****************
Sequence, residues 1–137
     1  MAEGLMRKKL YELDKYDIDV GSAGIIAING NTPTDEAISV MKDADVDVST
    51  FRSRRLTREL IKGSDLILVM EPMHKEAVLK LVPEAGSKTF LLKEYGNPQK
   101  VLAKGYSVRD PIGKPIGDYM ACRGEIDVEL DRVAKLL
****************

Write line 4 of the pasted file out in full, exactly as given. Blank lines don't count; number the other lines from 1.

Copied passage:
   101  VLAKGYSVRD PIGKPIGDYM ACRGEIDVEL DRVAKLL